Prejudice is everywhere, but it is hard to realize that people will only listen to those who are suffering from an eating disorder when they are at the extreme end of the spectrum. People suffering from eating disorders can start out at any weight, “and because their child or patient may have started out “chubby’’ and “needed to lose some weight’’, it may even look at first as though [they are] dieting appropriately,” writes David Leibow, in his book When College is not the best time of your life. Body Dysmorphic Disorder is another type of eating disorder that correlates with anorexia and bulimia because “you can't stop thinking about one or more[...] flaws in your appearance [...] You intensely focus on your appearance and body image, repeatedly checking the mirror, [and] seeking reassurance.” (Mayo Clinic) This specific episode of CSI: Las Vegas, discusses this particular type of disorder in a respectful and accurate manner. The victim that was found in a shopping cart was a model, and her agency brainwashed her into thinking she was "never skinny enough" & “never pretty enough”. The show starts off with Ashleigh, a fashion model, looking in the mirror and “taking care of herself”. At the autopsy, they discovered that she had been through plastic surgery and botox. “Psychiatrists are now suggesting that all people who get cosmetic surgeries should be screened for mental pathology, particularly Body Dysmorphic Disorder,” says Victoria Pitts-Taylor, in her book Surgery Junkies.The medical examiner observed some blisters at the back of Ashleigh’s throat. She had some lanugo hair growing on her clavicle, which is "the body's strategy to protect itself against heat loss associated with extreme thinness," says Dan Wessels in his article “What is lanugo and what causes this hair to grow.” The medical Examiner deduced that she was bulimic and anorexic. “The beauty industry places [young women] under pressure [...] to conform to unrealistic body image,” says Martin Halliwell. This correlates with this episode because Ashleigh, was slowly dying from kidney failure and it was her obsession over her physical appearance that killed her. She desperately needed to change her appearance because she was “not perfect enough”, that she picked her face with tweezers and she died of blood loss and heart failure. And because her model agency applauded her every time she lost weight, she thought it was the only thing that made her pretty. “Those who achieve an unusually thin physique often receive praise for their beauty and self-control," says Melissa Pederson Mussell in her book The Outpatient Treatment of Eating Disorders.This could suggest that models could suffer from an eating disorder because of the pressure of fame.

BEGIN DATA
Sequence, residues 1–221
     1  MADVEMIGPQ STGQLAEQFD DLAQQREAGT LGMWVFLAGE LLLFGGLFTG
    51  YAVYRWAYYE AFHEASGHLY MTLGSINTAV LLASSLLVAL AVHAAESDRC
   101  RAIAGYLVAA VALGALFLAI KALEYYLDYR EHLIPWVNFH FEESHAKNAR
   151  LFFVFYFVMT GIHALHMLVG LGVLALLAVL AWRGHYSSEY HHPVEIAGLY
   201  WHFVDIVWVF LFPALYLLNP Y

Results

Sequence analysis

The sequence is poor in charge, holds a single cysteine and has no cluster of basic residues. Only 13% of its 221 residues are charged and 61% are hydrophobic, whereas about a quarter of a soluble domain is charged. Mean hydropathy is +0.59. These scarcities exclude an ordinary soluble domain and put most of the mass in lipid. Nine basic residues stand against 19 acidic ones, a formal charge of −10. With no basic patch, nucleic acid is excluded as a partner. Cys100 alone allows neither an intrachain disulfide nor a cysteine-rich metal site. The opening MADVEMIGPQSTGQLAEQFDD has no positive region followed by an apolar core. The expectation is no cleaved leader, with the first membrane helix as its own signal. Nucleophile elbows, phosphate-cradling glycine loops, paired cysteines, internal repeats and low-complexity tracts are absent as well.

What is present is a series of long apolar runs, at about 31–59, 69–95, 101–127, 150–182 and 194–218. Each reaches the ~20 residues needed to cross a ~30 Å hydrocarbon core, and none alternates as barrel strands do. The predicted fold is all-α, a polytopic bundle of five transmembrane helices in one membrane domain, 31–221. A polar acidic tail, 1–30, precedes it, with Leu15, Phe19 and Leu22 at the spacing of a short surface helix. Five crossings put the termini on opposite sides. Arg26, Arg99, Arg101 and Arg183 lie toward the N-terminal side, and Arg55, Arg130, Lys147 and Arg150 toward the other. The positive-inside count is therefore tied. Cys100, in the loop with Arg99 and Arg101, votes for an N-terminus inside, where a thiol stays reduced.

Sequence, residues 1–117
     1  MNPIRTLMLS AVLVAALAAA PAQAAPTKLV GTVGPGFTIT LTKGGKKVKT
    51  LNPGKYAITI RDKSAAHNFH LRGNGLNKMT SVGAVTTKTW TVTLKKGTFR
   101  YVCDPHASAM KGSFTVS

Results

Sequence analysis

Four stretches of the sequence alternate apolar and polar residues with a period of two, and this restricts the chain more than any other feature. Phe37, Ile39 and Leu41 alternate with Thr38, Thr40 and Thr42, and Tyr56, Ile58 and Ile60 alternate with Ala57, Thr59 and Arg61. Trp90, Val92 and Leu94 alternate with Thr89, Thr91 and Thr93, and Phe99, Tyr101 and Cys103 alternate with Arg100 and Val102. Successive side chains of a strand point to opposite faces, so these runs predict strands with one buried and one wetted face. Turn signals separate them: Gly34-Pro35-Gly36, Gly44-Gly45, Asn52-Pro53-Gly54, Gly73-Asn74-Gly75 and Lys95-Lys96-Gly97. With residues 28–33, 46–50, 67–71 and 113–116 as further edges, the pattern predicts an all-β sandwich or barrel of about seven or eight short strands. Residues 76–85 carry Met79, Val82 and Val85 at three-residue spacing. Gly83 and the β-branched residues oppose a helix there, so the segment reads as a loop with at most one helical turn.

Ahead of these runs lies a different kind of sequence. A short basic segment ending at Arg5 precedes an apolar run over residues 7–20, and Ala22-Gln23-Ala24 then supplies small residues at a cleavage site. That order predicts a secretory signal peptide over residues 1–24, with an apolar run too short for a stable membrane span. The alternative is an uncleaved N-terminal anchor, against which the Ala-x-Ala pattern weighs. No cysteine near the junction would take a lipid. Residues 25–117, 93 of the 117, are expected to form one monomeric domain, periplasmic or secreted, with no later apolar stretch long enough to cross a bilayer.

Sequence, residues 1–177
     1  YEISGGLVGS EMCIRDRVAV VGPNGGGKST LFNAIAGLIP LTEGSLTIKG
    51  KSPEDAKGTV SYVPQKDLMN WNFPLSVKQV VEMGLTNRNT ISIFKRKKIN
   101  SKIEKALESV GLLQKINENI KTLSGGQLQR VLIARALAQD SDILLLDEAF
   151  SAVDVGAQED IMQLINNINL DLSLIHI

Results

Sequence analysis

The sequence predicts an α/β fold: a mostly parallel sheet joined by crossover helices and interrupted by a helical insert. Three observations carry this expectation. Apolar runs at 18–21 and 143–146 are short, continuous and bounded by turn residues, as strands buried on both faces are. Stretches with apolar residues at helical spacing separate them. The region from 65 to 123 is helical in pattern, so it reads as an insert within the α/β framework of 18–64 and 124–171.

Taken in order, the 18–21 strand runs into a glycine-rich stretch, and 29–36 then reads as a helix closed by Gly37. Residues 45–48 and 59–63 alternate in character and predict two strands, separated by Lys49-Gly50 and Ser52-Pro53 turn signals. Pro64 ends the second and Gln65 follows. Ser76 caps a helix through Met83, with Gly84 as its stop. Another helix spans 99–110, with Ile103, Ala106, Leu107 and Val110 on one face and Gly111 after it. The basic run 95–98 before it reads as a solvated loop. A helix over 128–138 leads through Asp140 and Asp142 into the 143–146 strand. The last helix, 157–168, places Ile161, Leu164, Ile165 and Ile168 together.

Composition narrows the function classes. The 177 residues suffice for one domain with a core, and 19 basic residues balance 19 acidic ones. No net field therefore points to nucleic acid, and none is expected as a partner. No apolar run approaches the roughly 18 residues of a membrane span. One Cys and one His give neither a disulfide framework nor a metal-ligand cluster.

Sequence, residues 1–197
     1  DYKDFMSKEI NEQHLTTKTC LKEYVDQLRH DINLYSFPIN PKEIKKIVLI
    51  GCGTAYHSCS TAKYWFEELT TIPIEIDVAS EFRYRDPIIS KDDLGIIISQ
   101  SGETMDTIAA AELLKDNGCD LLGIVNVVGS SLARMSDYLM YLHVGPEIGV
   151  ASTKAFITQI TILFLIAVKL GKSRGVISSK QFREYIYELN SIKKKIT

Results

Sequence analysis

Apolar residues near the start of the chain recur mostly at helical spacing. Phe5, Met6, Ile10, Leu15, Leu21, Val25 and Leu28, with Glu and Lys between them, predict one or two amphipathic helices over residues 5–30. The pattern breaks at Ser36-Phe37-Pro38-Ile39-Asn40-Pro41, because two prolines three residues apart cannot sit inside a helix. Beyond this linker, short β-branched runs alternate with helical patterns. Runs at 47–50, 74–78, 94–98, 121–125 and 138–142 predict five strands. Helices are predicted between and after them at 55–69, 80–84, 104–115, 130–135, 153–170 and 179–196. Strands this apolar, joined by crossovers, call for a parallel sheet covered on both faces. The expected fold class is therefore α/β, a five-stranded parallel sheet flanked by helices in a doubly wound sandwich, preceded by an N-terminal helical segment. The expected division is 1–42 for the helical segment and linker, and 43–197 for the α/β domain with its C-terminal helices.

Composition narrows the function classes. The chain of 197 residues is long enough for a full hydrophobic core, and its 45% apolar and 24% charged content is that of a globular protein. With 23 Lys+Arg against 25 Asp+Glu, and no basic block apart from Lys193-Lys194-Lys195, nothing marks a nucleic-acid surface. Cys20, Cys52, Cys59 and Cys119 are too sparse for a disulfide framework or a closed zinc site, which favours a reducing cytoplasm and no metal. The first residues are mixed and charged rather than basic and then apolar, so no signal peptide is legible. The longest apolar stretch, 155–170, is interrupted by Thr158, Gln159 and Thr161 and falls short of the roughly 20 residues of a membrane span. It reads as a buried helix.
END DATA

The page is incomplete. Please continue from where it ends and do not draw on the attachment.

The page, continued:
Naomi Wolf, a feminist in the 90s writes “ Recent research consistently shows that inside the majority of the West’s controlled[..] successful working women, there is a secret under life, poisoning our freedom; infused with notions of beauty, a dark vein of self-hatred, physical obsessions, [..] and dread of lost control,” in her book The beauty myth. Crime shows and society seem to acknowledge that only women are suffering from eating disorders, which is in fact false: “1 Million men battle with anorexia and bulimia every day.”( CNN)

Throughout this article, I was trying to ware awareness of this disorder and the real effect and consequences of it: 1 in 5 people take their own life because of this disorder. I wish movies, shows and social media like tik-tok would stop romanticizing it.


This content is accurate and true to the best of the author’s knowledge and is not meant to substitute for formal and individualized advice from a qualified professional.

© 2020 Anastassia de Bailliencourt